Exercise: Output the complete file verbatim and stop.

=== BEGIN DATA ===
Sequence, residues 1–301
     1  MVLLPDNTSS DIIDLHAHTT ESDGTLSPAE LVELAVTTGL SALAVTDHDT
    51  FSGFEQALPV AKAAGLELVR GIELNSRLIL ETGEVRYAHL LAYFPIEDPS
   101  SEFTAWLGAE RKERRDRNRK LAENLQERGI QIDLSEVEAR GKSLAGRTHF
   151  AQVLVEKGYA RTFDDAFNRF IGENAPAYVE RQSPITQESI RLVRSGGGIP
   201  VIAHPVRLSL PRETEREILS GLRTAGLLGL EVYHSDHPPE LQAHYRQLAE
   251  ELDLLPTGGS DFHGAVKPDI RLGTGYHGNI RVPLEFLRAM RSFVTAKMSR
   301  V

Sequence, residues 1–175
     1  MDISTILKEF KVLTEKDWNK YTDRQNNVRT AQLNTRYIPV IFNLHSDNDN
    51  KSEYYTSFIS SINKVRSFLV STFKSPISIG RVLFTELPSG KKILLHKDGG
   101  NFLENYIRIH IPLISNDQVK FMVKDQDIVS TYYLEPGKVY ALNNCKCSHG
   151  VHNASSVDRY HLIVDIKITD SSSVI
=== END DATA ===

Sequence, residues 1–301
     1  MVLLPDNTSS DIIDLHAHTT ESDGTLSPAE LVELAVTTGL SALAVTDHDT
    51  FSGFEQALPV AKAAGLELVR GIELNSRLIL ETGEVRYAHL LAYFPIEDPS
   101  SEFTAWLGAE RKERRDRNRK LAENLQERGI QIDLSEVEAR GKSLAGRTHF
   151  AQVLVEKGYA RTFDDAFNRF IGENAPAYVE RQSPITQESI RLVRSGGGIP
   201  VIAHPVRLSL PRETEREILS GLRTAGLLGL EVYHSDHPPE LQAHYRQLAE
   251  ELDLLPTGGS DFHGAVKPDI RLGTGYHGNI RVPLEFLRAM RSFVTAKMSR
   301  V

Sequence, residues 1–175
     1  MDISTILKEF KVLTEKDWNK YTDRQNNVRT AQLNTRYIPV IFNLHSDNDN
    51  KSEYYTSFIS SINKVRSFLV STFKSPISIG RVLFTELPSG KKILLHKDGG
   101  NFLENYIRIH IPLISNDQVK FMVKDQDIVS TYYLEPGKVY ALNNCKCSHG
   151  VHNASSVDRY HLIVDIKITD SSSVI